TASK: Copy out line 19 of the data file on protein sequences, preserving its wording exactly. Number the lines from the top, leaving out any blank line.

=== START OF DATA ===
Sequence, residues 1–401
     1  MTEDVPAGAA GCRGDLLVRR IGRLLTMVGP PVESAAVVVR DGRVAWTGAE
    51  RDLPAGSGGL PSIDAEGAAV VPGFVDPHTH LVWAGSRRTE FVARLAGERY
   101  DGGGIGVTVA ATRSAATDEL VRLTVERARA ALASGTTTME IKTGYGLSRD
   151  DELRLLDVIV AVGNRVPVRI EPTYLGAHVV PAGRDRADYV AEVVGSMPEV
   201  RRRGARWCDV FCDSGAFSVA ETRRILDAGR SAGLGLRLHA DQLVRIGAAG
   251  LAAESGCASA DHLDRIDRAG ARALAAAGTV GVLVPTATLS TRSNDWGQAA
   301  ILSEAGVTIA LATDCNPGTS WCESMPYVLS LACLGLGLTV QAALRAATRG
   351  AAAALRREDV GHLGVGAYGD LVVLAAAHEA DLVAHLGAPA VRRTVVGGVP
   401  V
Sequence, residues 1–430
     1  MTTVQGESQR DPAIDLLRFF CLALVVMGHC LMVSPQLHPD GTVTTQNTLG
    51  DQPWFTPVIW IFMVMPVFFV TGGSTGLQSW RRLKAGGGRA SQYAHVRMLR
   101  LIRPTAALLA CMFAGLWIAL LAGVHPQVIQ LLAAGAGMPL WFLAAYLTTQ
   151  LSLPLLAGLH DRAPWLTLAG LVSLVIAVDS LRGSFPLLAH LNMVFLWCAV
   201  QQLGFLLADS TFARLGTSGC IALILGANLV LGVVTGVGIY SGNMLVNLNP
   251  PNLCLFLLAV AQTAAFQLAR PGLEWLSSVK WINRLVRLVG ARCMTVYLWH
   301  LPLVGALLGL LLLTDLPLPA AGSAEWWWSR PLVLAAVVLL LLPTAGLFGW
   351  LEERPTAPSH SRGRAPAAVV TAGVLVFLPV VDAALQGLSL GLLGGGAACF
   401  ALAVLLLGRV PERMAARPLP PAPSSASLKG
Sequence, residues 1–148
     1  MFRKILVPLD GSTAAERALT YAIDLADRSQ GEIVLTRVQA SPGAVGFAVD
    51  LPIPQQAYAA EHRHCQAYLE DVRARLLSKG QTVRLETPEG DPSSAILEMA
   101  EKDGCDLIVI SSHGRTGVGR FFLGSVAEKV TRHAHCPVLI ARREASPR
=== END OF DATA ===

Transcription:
   351  LEERPTAPSH SRGRAPAAVV TAGVLVFLPV VDAALQGLSL GLLGGGAACF